Mr. Arnhold was let out of the camp in 1941 but told to stay in Norway. Instead, he sneaked across the border to Sweden using forged identification papers.
“It’s a wonderful feeling to get the better of the Germans just once,” he wrote.
From there, he caught a boat to Cuba, made his way to the United States and joined the Army. He became one of the Ritchie Boys, an elite military intelligence service group — they trained at Camp Ritchie, Md. — whose skills in German, Polish and other European languages made them valuable spies and interrogators during World War II. Thanks to his enlistment, he became the first member of his family to gain United States citizenship.
The Arnholds had lost their German bank, their stakes in German companies and numerous properties to the Nazis, but they had managed to get enough of their assets out of the country that Arnhold and S. Bleichroeder could continue to operate from headquarters opened in New York. Mr. Arnhold’s uncle, who was running the bank, brought him into the business.
In 1947, Mr. Arnhold met and married Clarisse Engel de Janosi, known to her friends and family as Sissy. A Hungarian Jew, she had escaped the Nazis with her family and come to the United States through Mexico.
Mr. Arnhold’s son said his mother had “a horrible experience in the war and never talked about it.”
Mr. Arnhold first oversaw the Arnholds’ industrial investments, then became chairman of the bank in 1960.
In 1967, he and Mr. Soros founded the First Eagle Fund NV, an offshore investment fund that was seeded with family money and that Mr. Soros ran. Two years later, Mr. Soros separated from the company to start his own fund while Mr. Arnhold turned to value investing. His passion was finding overlooked smaller companies to support.
Mr. Seligmann recalled accompanying his uncle on visits to companies in which Mr. Arnhold was considering investing. To determine the quality of a company, Mr. Arnhold instructed him to study the faces of its representatives: Were they bored, exhausted, unfocused? How organized were the company’s behind-the-scenes operations?
“He’d say, ‘That’s the way you get to know somebody, you go to their house,’” Mr. Seligmann said.
Among Mr. Arnhold’s successful bets was an early stake in M&T Bank, whose chief executive Mr. Arnhold knew and admired. The Arnhold family sold its brokerage and research businesses to the French predecessor to the investment bank Natixis in 2002. In 2015 a consortium of investors including Blackstone Management Partners and Corsair Capital bought a controlling stake in First Eagle.
Mr. Arnhold was known across two continents for his philanthropy. He was chairman of the San Francisco-based Mulago Foundation, a charity for impoverished children founded by his brother, Rainer. Mr. Arnhold took over after Rainer’s death in 1993. He also made large grants through his own organization, the Arnhold Foundation.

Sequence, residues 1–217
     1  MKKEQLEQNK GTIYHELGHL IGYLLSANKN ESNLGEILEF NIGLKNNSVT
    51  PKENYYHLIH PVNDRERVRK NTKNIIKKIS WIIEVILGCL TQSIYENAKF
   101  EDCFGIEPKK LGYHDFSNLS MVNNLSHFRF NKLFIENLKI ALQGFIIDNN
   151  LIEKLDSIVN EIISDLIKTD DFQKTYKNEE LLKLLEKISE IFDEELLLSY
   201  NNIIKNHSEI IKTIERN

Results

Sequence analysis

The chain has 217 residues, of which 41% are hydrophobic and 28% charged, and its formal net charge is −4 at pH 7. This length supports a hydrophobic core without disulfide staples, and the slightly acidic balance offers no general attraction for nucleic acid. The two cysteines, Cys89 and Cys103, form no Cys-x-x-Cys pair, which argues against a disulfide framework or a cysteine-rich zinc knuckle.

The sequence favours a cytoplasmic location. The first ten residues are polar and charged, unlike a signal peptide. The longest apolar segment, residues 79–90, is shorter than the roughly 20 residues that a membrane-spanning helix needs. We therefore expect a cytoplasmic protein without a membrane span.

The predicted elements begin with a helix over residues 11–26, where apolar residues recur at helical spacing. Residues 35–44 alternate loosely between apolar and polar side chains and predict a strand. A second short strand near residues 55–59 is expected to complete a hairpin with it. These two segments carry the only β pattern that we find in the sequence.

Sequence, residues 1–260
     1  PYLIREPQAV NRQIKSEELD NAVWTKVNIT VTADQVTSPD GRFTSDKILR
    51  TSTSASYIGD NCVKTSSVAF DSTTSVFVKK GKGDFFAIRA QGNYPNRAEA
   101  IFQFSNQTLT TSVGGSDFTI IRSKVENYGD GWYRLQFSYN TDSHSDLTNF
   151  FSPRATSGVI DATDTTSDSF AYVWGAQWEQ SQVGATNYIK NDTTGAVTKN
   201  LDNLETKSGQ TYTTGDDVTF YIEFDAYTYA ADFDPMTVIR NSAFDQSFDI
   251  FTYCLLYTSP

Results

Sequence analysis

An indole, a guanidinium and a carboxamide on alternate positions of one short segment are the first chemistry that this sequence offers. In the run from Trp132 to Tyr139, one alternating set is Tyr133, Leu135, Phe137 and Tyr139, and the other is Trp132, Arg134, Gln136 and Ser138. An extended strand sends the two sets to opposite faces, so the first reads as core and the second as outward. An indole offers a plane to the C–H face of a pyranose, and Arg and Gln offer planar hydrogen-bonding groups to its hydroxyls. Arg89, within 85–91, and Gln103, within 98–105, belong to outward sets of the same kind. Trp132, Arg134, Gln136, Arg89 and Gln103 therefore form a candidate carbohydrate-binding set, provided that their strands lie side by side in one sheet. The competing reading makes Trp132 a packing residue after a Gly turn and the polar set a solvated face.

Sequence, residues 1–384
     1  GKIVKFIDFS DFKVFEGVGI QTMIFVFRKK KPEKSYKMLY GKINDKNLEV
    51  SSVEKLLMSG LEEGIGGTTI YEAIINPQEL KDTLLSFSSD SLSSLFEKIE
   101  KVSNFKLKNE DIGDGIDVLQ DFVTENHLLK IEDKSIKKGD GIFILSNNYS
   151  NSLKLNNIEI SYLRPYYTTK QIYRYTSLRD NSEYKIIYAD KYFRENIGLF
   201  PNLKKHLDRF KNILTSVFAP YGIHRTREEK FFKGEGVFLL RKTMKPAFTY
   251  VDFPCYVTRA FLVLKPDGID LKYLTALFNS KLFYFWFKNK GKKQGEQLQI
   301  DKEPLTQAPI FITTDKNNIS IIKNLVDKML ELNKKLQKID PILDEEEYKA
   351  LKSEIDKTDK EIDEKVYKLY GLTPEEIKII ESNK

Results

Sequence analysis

And he sought to repair the place he had loved in childhood.
After the war, the German government began making reparations to Jews whose possessions had been taken by the Nazis. The Arnholds managed to recover some of their property, much of which Mr. Arnhold advocated donating to Dresdeners.
“He wanted to recapture what was stolen and return it for the well-being of the community,” Mr. Seligmann said.
The Arnholds gave four million marks to fix the public pool in Dresden. He paid to rebuild a church and a synagogue and became a patron of the city’s Palucca School of Dance, where his sister Esther Arnhold Seligmann had studied before the war. He also started an exchange program that brought students in Dresden to the New School.
“He never believed in collective guilt,” his granddaughter, Julia Arnhold, said. “He never had any bitterness.”
In addition to his son and his granddaughter, Mr. Arnhold is survived by a grandson, Paul. His daughter, Michele Elizabeth Arnhold, died in 2007 at 56.
Members of the Arnhold family now live in Europe, Brazil and the United States, but his relatives say that Mr. Arnhold kept the family in close contact, organizing reunions and never missing one before this year.
“To have a family,” Mr. Arnhold said in a speech at his granddaughter’s wedding last year, “gives you even more opportunities for joy.”
An earlier version of this obituary referred incorrectly to Georg Arnhold. He was Henry Arnhold’s grandfather, not his great-uncle. It also referred incorrectly to a 2015 deal involving the First Eagle Fund NV, which Mr. Arnhold and George Soros founded in 1967. A consortium of investors bought a controlling stake in First Eagle, not the entire fund.